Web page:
Thoughts on the Iraqi SOFA agreement

SOFA stands for “Status of Forces Agreement” and we have 80 existing SOFA agreements currently with other nations where US troops are stationed.

Iraq, of course, is under the microscope and naturally anything coming out of there that might reflect negatively gets a little air time.

That’s not to say that the agreement and the process shouldn’t be examined. But I’d like to see the hype toned down a bit. It’s not like this sort of agreement is new or unique in our history.

First, it would be nice if someone would define what “permanent bases” means. Apparently the US is negotiating for about 60 of them. Will they indeed be permanent (and if so, why?) and what size are we talking about?

If they’re talking about 60 mega-sites housing vast numbers of US troops and equipment, I’d like to know that. If they’re talking about places where training cadres would reside, which obviously wouldn’t be big or extensive, I’d like to know that as well. More information helps sell the idea, not that the Pentagon has ever realized that truism. Sometimes secrecy is its own worst enemy with its own predictable outcome – only one side of the story is told:

U.S. officials have refused to publicly discuss details of the negotiations. But Iraqi politicians have become more open in their descriptions of the talks, stoking popular anger at American demands that Iraqis across the political spectrum view as a form of continued occupation.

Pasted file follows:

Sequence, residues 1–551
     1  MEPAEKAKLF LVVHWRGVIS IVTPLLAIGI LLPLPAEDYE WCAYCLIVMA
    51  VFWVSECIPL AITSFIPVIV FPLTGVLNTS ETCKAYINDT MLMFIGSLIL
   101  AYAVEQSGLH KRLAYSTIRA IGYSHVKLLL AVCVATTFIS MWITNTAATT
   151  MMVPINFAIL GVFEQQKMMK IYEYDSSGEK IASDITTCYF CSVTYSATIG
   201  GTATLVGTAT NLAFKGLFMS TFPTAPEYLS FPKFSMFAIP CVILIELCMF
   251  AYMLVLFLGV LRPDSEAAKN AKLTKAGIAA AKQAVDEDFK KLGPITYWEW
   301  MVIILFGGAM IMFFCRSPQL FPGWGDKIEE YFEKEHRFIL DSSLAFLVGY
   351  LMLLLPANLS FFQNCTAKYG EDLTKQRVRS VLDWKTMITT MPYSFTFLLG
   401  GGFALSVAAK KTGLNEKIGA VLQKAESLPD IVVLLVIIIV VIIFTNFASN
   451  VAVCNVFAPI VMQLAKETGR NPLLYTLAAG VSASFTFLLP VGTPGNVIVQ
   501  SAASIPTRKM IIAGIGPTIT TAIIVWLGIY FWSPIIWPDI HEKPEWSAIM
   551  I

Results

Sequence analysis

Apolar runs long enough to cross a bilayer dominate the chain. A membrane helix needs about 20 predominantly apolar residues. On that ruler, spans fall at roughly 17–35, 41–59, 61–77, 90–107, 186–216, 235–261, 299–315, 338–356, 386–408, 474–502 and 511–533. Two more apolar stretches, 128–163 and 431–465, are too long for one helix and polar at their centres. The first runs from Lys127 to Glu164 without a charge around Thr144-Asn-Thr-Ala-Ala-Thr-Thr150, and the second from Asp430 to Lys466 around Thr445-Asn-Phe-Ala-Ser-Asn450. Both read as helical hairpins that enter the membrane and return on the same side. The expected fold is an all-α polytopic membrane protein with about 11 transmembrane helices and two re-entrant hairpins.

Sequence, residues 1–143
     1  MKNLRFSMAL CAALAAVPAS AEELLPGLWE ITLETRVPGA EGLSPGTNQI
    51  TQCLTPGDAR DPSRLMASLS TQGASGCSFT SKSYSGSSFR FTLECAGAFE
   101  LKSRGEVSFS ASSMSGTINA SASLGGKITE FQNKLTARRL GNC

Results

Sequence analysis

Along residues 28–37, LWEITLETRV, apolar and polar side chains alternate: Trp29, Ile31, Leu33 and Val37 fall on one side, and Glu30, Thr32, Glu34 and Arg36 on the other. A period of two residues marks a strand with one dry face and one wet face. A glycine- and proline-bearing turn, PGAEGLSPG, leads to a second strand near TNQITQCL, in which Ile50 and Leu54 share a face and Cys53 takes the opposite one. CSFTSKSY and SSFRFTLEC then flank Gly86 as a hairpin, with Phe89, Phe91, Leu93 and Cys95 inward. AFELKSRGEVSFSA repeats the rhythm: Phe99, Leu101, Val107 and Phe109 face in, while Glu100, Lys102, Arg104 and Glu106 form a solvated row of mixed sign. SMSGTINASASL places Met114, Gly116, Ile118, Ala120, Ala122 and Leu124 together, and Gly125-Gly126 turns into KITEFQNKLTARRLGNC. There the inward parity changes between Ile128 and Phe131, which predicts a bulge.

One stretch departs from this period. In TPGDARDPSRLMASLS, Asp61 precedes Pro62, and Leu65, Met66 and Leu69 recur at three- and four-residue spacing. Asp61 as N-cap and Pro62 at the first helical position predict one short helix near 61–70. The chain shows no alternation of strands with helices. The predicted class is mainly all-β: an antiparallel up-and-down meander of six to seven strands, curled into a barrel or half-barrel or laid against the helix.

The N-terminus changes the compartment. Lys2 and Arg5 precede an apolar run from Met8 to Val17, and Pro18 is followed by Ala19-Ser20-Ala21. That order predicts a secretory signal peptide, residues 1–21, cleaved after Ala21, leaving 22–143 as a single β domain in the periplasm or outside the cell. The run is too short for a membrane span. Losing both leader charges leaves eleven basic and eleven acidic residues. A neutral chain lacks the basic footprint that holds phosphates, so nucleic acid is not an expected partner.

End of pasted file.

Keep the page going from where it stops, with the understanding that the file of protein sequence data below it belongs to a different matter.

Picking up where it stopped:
On the Iraqi side, a lot of this is politics – something we Americans should be able to identify and sort out immediately.

“What the U.S. wants is to take the current status quo and try to regulate it in a new agreement. And what we want is greater respect for Iraqi sovereignty,” said Haider al-Abadi, a parliament member from Maliki’s Dawa party. “Signing the agreement would mean that the Iraqi government had given up its sovereignty by its own consent. And that will never happen.”

[…]

The American negotiators also called for continued control over Iraqi airspace and the right to refuel planes in the air, according to Askari, positions he said added to concerns that the United States was preparing to use Iraq as a base to attack Iran.

“We rejected the whole thing from the beginning,” said Jalal al-Din al-Saghir, a senior lawmaker from the Supreme Council. “In my point of view, it would just be a new occupation with an Iraqi signature.”

Of course, our negotiator claims we want Iraqi sovereignty strengthened, not weakened.

A more objective Iraqi observer notes that the US has modified its position on 4 key issues, one of which addresses Askari’s point about attacking other countries from Iraq:

Mahmoud Othman, an independent Kurdish member of parliament who has been briefed on the negotiations, said the Americans recently had changed their position on four key issues: Private contractors would no longer be guaranteed immunity; detainees would be turned over to the Iraqi judicial system after combat operations; U.S. troops would operate only with the agreement of the Iraqi government; and the Americans would promise not to use Iraq as a base for attacking other countries.